Three-Dimensional Culture of Mouse Spermatogonial Stem Cells Using A Decellularised Testicular Scaffold

(Pages: 410-418)
Nasrin Majidi Gharenaz, Ph.D, 1Mansoureh Movahedin, Ph.D, 1,*Zohreh Mazaheri, Ph.D, 2
Department of Anatomical Sciences, Faculty of Medical Sciences, Tarbiat Modares University, Tehran, Iran
Basic Medical Science Research Center, Histogenotech Company, Tehran, Iran
Department of Anatomical Sciences, Faculty of Medical Sciences, Tarbiat Modares University, Tehran, Iran
Basic Medical Science Research Center, Histogenotech Company, Tehran, Iran
- *Corresponding Address: P.O.Box: 14115-175 Department of Anatomical Sciences Faculty of Medical Sciences Tarbiat Modares University Tehran Iran Email:movahed.m@modares.ac.ir
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Majidi Gharenaz N, Movahedin M, Mazaheri Z. Three-dimensional culture of mouse spermatogonial stem cells using a decellularised testicular scaffold. Cell J. 2020; 21(4): 410-418. doi: 10.22074/cellj.2020.6304.

Abstract

Objective

Applications of biological scaffolds for regenerative medicine are increasing. Such scaffolds improve cell attachment, migration, proliferation and differentiation. In the current study decellularised mouse whole testis was used as a natural 3 dimensional (3D) scaffold for culturing spermatogonial stem cells.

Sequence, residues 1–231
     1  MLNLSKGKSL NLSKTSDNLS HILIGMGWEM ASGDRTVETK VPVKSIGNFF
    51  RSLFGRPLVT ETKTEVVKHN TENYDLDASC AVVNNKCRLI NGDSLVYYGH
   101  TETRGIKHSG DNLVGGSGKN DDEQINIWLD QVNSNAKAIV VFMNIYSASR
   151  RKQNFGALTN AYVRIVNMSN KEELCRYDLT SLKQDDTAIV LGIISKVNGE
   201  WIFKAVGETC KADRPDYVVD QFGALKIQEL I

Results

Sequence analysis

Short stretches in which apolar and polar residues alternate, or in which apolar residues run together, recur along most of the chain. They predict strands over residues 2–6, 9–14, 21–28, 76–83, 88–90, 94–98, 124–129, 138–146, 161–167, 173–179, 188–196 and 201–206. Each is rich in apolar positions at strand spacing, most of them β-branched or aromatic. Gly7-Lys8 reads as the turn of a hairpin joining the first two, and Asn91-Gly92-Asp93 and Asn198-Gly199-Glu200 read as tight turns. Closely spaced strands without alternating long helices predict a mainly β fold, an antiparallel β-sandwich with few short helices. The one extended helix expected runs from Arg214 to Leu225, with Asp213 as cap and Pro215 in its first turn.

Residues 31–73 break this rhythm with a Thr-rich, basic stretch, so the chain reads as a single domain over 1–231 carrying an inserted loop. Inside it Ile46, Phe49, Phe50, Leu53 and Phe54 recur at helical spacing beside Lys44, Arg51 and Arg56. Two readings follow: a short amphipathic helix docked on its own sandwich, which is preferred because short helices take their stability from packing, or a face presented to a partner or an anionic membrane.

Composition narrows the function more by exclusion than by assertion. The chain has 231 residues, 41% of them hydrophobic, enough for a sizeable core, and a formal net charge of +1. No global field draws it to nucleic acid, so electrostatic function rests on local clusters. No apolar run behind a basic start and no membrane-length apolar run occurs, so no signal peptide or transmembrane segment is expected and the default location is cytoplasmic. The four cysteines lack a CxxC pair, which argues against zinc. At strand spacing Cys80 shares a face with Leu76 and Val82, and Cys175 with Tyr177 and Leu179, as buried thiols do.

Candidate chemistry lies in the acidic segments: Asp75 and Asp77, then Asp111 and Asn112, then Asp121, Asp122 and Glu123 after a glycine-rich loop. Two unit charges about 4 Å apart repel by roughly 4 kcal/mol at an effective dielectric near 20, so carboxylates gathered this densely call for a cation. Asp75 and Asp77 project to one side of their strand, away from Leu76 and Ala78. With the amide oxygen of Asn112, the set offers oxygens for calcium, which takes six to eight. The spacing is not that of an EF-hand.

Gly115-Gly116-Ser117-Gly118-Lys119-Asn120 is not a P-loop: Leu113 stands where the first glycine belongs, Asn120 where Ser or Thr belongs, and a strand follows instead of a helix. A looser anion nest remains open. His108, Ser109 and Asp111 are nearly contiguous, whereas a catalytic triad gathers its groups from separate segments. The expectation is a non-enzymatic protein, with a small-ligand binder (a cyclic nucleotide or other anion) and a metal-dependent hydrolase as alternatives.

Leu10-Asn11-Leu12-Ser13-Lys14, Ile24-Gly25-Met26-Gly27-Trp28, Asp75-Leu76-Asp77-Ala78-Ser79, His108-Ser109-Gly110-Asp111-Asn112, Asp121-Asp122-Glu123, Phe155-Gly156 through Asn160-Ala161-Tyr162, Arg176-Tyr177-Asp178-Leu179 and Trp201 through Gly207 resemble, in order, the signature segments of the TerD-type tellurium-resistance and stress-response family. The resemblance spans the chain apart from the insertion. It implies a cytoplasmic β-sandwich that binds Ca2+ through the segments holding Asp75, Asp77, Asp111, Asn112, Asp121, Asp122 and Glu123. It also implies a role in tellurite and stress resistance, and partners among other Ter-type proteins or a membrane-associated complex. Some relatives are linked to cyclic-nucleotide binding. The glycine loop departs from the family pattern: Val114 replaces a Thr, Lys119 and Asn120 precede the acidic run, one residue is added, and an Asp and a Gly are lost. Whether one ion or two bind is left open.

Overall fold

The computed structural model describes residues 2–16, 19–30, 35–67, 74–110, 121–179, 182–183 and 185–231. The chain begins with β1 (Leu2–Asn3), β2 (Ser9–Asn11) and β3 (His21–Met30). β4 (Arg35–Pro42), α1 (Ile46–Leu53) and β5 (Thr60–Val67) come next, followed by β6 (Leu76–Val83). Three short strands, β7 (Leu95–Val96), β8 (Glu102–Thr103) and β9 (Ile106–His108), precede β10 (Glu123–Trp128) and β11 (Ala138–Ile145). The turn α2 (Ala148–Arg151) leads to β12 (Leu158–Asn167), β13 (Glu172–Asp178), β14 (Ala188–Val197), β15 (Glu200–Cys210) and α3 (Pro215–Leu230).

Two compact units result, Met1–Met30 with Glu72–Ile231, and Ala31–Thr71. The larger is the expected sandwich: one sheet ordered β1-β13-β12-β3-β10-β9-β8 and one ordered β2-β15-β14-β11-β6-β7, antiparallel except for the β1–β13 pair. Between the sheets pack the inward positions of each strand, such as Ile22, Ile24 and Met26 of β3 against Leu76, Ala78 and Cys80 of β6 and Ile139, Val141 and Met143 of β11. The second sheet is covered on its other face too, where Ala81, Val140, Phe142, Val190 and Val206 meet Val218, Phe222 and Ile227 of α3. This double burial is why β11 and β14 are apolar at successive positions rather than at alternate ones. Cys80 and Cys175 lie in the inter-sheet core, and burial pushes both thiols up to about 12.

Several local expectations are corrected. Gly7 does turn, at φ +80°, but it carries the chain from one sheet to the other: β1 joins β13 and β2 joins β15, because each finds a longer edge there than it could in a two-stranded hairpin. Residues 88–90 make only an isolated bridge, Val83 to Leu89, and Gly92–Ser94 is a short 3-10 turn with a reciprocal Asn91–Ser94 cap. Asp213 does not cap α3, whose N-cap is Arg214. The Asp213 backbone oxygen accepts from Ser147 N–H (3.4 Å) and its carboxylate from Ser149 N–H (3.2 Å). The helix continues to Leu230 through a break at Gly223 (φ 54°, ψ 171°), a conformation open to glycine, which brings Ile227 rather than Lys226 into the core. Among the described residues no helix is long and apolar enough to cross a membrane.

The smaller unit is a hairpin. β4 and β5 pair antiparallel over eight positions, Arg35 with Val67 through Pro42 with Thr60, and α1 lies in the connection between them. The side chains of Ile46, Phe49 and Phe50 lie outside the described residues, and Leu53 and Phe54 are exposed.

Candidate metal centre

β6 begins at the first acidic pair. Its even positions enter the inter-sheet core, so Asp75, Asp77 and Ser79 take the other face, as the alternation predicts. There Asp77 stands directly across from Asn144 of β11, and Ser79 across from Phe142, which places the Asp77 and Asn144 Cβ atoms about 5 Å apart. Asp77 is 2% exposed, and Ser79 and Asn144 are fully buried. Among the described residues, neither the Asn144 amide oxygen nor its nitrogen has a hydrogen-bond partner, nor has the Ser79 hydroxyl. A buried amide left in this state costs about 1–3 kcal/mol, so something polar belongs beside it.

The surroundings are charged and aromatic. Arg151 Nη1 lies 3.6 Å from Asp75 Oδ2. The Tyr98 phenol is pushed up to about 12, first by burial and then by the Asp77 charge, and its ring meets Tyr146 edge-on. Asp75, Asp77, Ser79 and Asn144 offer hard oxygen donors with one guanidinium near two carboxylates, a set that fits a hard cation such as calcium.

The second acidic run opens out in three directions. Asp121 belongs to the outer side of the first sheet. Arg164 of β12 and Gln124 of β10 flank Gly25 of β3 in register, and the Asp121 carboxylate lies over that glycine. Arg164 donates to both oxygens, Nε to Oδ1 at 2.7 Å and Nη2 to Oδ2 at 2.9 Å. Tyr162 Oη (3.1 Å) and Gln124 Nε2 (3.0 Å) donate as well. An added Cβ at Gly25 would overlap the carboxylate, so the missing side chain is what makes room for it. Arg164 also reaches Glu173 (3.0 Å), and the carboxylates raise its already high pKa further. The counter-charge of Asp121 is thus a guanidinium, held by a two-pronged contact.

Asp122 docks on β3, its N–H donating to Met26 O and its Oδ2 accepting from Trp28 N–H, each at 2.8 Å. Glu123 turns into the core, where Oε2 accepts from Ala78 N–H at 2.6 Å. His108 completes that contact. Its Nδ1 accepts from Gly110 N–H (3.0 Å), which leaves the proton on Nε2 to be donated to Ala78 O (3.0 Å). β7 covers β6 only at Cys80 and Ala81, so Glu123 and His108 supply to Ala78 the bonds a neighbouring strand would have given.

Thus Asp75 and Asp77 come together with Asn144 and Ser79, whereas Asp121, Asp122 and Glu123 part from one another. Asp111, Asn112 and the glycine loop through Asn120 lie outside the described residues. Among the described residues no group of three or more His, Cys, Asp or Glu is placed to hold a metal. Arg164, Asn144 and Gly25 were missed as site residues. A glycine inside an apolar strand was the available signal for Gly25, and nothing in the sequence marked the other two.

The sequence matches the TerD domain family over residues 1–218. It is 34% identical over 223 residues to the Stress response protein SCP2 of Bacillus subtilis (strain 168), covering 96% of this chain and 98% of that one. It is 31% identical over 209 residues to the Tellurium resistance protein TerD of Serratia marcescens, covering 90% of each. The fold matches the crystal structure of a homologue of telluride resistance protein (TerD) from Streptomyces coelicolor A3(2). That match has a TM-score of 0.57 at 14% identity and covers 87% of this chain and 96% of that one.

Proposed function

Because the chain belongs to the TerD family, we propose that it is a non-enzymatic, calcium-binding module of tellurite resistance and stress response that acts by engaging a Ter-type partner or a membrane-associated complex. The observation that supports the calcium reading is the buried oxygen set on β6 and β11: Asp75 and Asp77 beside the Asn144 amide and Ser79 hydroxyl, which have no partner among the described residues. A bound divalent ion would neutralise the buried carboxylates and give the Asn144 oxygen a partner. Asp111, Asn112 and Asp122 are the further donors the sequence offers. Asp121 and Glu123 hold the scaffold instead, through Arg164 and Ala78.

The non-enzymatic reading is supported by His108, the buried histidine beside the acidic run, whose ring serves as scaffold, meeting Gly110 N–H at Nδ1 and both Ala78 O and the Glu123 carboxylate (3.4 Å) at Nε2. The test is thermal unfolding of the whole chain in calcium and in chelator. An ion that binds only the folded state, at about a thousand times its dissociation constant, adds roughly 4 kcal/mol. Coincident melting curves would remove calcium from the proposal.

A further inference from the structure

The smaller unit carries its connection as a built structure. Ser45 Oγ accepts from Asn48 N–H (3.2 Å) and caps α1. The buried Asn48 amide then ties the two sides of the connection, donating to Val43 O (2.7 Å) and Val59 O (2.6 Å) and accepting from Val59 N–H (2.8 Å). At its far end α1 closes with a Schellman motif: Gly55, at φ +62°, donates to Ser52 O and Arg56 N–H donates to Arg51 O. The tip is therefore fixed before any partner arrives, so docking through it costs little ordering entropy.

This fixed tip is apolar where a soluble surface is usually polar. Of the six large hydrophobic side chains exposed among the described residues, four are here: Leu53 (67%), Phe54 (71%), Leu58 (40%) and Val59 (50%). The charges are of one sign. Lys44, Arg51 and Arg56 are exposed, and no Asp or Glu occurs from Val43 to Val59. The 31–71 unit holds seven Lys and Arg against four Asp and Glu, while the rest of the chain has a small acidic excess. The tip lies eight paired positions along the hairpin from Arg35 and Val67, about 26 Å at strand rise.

Materials and Methods

In this experimental study, adult mouse whole testes were decellularised using sodium dodecyl sulfate (SDS) and Triton X-100. The efficiency of decellularisation was determined by histology and DNA quantification. Masson’s trichrome staining, alcian blue staining, and immunohistochemistry (IHC) were done for validation of extracellular matrix (ECM) proteins. These scaffolds were recellularised through injection of mouse spermatogonial stem cells in to rete testis. Then, they were cultured for eight weeks. Recellularised scaffolds were assessed by histology, real-time polymerase chain reaction (PCR) and IHC.

Results

Haematoxylin-eosin (H&E) staining showed that the cells were successfully removed by SDS and Triton X-100. DNA content analysis indicated that 98% of the DNA was removed from the testis. This confirmed that our decellularisation protocol was efficient. Masson’s trichrome and alcian blue staining respectively showed that glycosaminoglycans (GAGs) and collagen are preserved in the scaffolds. IHC analysis confirmed the preservation of fibronectin, collagen IV, and laminin. MTT assay indicated that the scaffolds were cell-compatible. Histological evaluation of recellularised scaffolds showed that injected cells were settled on the basement membrane of the seminiferous tubule. Analyses of gene expression using real-time PCR indicated that expression of the Plzf gene was unchanged over the time while expression of Sycp3 gene was increased significantly (P=0.003) after eight weeks in culture, suggesting that the spermatogonial stem cells started meiosis. IHC confirmed that PLZF-positive cells (spermatogonial stem cells) and SYCP3-positive cells (spermatocytes) were present in seminiferous tubules.

Conclusion